────────────────────────────────────────────────── ─── Continuation of front page    (72) Inventor Hal Jarvis Rosen               United States95032 California               Los Gatos State Pine Avenue               17131 (72) Kurt Alan Rubin, inventor               United States 95050 California               Santa Clara State Susan Drive               2377 (72) Inventor Wade Wei-Chun Tan               United States 95119 California               San Jose Pinot Court 213                (56) References JP-A-5-101398 (JP, A)                 JP-A-3-141028 (JP, A)                 JP-A-4-14635 (JP, A)                 JP-A-2-89237 (JP, A)                 JP-A-5-144082 (JP, A)

Claims (1)

  1. (57) Claims: 1. A laser light source for generating a laser beam of a predetermined wavelength; and (a) a light source having a first surface forming an outer surface of a medium on which the laser beam is incident; A first member that is permeable to the medium, and (b) a Ge x T y separated from the outer surface of the medium by the first member.
    A phase change alloy having a composition of the form Sb z (where 10 <
    x <15, 45 <y <55, 38 <z <48 and x + y
    + C = 100%), wherein the first recording layer has an amorphous starting phase capable of changing its phase to a crystalline phase upon receiving a laser beam, and is capable of returning to the amorphous starting phase; and (c) A) an optical interference thin film which is in contact with the first recording layer and which is transparent to light, and which has a refractive index difference from the refractive index of the first recording layer and a thickness sufficient to cause constructive interference of light; An optical interference thin film having: (d) a crystal starting phase capable of changing phase to an amorphous phase when receiving a laser beam having a power level higher than a power level for changing the first recording layer from an amorphous starting phase to a crystalline phase; An optical medium comprising: a second recording layer of a reversible phase change material separated from the first recording layer; and a laser light source and the first surface of the member.
    A lens for condensing the laser light on the spot, and allowing the condensed spot to move from one recording layer to the other, thereby allowing the spot to change the phase of the material of the second recording layer Connected to the lens to move the lens relative to the medium so that when focused on the second recording layer, the laser light passes through the first recording layer and the optical interference film in contact therewith; Optical data storage system. 2. The optical data storage system according to claim 1, wherein the optical medium is an optical disk, and the first member on which the laser beam is incident is a substrate. 3. The optical disk further includes the spacer layer, which is permeable to light, is disposed between the first recording layer and the second recording layer, and separates them by a thickness of the spacer layer. 3. The optical data storage system according to claim 2, wherein: 4. The optical data storage system according to claim 2, wherein the second recording layer is formed on the spacer layer.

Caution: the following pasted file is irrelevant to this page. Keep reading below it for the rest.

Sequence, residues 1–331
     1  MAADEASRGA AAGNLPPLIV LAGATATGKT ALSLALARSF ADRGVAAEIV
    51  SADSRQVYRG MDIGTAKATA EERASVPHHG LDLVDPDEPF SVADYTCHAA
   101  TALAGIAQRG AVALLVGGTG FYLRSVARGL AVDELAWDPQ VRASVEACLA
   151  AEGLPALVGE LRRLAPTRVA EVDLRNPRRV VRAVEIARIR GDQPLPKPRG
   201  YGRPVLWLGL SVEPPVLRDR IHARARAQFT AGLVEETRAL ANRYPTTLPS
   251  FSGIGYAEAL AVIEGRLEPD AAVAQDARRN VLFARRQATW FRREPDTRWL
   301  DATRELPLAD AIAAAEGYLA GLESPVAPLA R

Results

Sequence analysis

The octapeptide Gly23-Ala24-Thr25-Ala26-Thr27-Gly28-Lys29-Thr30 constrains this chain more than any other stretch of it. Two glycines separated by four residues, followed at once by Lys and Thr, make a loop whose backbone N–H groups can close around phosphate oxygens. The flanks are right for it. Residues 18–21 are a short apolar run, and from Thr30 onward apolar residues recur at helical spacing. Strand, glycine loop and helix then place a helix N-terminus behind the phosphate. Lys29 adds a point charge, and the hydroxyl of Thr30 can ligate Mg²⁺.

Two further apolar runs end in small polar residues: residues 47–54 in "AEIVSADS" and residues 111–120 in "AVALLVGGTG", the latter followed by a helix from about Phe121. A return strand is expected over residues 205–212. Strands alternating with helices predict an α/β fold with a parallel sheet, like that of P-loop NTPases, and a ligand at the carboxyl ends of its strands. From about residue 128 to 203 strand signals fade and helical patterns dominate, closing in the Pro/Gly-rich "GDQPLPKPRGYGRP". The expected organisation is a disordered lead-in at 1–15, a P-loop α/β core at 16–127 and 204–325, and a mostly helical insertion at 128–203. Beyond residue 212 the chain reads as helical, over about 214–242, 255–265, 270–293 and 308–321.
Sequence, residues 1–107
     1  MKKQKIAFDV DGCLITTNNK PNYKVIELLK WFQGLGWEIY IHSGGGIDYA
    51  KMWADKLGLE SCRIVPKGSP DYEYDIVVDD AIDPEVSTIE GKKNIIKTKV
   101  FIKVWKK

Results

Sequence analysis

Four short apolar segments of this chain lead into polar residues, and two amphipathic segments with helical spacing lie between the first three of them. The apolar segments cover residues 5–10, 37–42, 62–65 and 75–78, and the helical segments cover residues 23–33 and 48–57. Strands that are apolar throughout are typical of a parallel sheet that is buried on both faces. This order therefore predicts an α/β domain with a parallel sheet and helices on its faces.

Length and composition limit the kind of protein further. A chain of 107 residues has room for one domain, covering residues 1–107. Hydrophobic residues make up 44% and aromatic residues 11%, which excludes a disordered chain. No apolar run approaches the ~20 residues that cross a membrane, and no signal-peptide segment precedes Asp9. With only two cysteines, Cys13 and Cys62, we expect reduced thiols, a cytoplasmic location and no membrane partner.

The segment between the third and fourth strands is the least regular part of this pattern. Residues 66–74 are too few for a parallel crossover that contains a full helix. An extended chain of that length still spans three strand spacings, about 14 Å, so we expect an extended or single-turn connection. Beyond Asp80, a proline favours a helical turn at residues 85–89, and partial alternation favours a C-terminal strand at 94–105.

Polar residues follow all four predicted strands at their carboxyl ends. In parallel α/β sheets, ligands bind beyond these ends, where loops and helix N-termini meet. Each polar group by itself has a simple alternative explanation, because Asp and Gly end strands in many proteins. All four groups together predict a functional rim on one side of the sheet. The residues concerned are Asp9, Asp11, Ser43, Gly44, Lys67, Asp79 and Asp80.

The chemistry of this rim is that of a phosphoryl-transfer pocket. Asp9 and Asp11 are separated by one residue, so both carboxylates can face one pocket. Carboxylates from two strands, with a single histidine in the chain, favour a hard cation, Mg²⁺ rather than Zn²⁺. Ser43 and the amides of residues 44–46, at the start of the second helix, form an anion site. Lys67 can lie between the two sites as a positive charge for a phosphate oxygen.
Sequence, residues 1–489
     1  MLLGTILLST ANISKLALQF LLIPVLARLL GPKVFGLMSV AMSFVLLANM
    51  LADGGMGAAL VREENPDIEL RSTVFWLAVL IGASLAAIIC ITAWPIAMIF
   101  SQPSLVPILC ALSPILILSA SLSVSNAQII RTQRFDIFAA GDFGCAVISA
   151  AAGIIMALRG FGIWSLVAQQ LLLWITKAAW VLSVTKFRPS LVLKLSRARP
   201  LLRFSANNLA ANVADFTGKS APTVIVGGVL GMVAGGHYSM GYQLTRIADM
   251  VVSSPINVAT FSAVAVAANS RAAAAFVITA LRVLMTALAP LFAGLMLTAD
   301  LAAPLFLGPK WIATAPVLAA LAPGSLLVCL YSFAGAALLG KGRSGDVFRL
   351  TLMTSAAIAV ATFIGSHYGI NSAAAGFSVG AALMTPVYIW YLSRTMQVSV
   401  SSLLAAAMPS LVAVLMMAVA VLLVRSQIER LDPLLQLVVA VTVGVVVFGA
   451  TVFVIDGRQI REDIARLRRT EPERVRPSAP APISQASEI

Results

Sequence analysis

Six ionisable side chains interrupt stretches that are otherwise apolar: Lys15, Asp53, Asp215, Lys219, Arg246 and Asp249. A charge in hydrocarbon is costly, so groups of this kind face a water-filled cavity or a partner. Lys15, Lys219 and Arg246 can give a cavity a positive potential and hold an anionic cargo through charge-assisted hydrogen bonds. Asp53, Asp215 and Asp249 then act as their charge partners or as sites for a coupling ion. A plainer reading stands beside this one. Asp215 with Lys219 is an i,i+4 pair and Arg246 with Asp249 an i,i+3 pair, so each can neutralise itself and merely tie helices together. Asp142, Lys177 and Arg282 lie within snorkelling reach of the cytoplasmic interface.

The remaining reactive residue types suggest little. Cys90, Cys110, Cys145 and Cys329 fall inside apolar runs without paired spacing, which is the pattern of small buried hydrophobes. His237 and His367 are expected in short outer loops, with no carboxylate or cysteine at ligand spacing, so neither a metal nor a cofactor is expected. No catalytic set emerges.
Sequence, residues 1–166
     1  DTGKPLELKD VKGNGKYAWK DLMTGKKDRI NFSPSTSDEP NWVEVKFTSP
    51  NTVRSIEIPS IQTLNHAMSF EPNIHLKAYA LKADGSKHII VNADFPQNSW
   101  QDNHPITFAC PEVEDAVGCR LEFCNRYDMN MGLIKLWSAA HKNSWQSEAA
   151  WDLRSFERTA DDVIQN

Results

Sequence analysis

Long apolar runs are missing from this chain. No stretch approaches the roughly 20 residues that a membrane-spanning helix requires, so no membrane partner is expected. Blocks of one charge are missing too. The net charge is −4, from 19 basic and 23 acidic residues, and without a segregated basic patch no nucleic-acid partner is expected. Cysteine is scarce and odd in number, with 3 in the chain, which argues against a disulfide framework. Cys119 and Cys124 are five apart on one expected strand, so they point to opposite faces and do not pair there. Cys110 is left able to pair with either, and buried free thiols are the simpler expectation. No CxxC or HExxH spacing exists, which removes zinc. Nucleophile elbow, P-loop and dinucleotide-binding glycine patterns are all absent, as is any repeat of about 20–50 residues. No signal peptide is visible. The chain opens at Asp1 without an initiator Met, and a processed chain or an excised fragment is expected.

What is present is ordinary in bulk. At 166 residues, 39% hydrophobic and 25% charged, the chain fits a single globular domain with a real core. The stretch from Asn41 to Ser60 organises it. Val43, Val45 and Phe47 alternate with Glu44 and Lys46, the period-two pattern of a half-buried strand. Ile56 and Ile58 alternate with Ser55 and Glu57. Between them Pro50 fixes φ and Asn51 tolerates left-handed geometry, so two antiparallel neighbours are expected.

Stem . 5. The optical data storage system according to claim 2, further comprising a light-reflective metal thin film formed on and in contact with the second recording layer. 6. The optical disk further includes a second substrate, wherein a second recording layer is formed on the second substrate, wherein the first substrate and the second substrate are separated by an air gap. 3. The optical data storage system according to claim 2, wherein: 7. The recording medium of claim 1, further comprising a dielectric layer formed on a surface of the substrate opposite to an outer surface of the disk to protect the substrate during heating of the first recording layer, wherein the first recording layer comprises a dielectric layer on the substrate. An optical interference thin film formed on and in contact with the first recording layer, and an optical interference thin film formed on and in contact with the first recording layer;
    3. The optical data storage system according to claim 2, wherein the optical data storage system has a higher thermal conductivity than a dielectric thin film formed on a substrate. 8. The method according to claim 2, further comprising a second optical interference thin film formed on and in contact with the first optical interference thin film.
    An optical data storage system according to claim 1. 9. The optical interference thin film of the optical disk, wherein the optical interference thin film is a material selected from the group consisting of oxides of Si, nitrides of Si, carbides of Si, amorphous Si, and indium-tin oxide. The optical data storage system according to claim 2. 10. The optical interference thin film of an optical disk is made of Al, T